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Control the key for futures algos.

Ubiquitous in the equities markets, execution algorithms now have an increasingly prominent presence in the buy-side's futures toolkit, says Brian Schwieger, head of EMEA algorithmic execution at Bank of America Merrill Lynch (BAML).

Previously, the buy-side has typically used direct market access (DMA), or basic DMA order types when trading listed futures, typically for hedging purposes. But use of algorithms is growing, in parallel with pairs strategies that trade against an underlying equity.

The most popular strategies used by the buy-side in the futures markets will be familiar to single-stock specialists. Algorithms such as POV (percentage of volume) allow traders to choose a participation rate for trades in the market, while others such as TWAP (time-weighted average price) are designed for time slicing, essentially giving the trader an even market exposure over a period of time. Brokers like BAML currently offer a suite of algos including standard, established algorithms such as VWAP (volume-weighted average price), as well as implementation shortfall algos such as Ambush.

Schwieger says that futures and equities algorithms employ different means to achieve the same ends.

"We're developing consistency of branding across asset classes -- so the same suite of algos that we offer in equities, we will try to offer in other assets as well," he says. "The market structure is very different between equities and futures, so the way an algo is implemented may be different, but the overall concept is going to be the same."

One of the main structural differences between the equities and futures markets is that smart order routing in not required in the latter. And compared with equities, the typical buy-side firm's trading volumes are much lower. According to Schwieger, one of the main differences is the more granular approach to scheduling.

"Sometimes we may schedule just a single contract per slice duration, whereas in equities it's very rare that you ever see an algo trying to trade one share at a time," says Schwieger. "The differences between equities and futures algos are all down to the differences in market and micro structure."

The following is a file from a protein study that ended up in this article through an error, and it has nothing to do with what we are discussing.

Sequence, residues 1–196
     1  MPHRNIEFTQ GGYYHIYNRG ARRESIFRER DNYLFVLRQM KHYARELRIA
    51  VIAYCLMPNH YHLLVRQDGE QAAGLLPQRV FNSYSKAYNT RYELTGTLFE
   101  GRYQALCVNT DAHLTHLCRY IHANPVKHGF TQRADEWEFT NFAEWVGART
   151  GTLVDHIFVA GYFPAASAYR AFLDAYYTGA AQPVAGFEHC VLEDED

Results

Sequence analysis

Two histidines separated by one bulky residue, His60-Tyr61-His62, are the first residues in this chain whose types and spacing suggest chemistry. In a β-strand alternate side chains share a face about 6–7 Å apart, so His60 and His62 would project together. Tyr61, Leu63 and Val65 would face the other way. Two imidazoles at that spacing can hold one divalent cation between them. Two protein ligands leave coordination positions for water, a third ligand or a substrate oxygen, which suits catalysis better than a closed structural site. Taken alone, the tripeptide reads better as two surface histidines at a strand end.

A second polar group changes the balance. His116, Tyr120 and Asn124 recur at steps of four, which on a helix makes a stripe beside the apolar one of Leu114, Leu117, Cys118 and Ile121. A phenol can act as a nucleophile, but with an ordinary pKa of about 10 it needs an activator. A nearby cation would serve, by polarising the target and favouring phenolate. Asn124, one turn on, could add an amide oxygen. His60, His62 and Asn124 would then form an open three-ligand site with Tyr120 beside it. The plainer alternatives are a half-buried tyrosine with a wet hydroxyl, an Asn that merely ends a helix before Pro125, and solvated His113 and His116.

Futures algorithms generally make the decision to buy or sell a contract based on familiar factors -- price, volume, time -- but given the added time-sensitivity, there is a decisive difference of emphasis. TWAP is a particularly popular strategy when hedging in the futures markets.

"We give more granularity of control over the algos in futures than in equities. This is because we find that traders are often very sensitive to what their exposure is second by second," comments Schwieger. "The driver is that they want a certain amount of exposure per minute, per second, and so on. In equities, because of the higher order flow, traders are more interested in ease of use than granularity of control."

The other difference between futures and equities algos is the thorny issue of expiry. Futures contracts are normally rolled over as they approach maturity, but as the trader approaches the deadline, market conditions can become difficult. Historic data used by programs such as VWAP becomes unreliable, because the volume is shifting very rapidly into the next contract. For the trader, the trick is to decide when to make the adjustment from one contract to the next. It's a crucial moment.

"We've automated the process, but it does require more checking and monitoring by our quant team than is usually needed for equities," says Schwieger. "So I'd say the futures process requires more attention than the equities process."

Use of algorithms in the futures markets has come under the microscope since a joint report by the US Securities and Exchanges Commission and Commodity Futures Trading Commission identified the algorithmic execution of a large S&P 500 E-Mini futures trade by a mutual fund as playing a significant part in the 'flash crash' of 6 May 2010. A disagreement has broken out over whether the algorithm -- designed by a third party but directed to market via a broker -- was calibrated to take account of price and time as well as market volume.

Schwieger asserts that the current row should not prevent the buy-side from continuing to use algorithms safely in the futures market. He adds that each broker algo used on the futures market has generally been adjusted and tuned for the market structure, and thus he argues that they will always provide the buy-side the ability to trade futures most effectively, provided there is sufficient liquidity. The key is simply to tailor the algos to the market, says Schwieger.

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Publication:The Trade
Date:Oct 18, 2010
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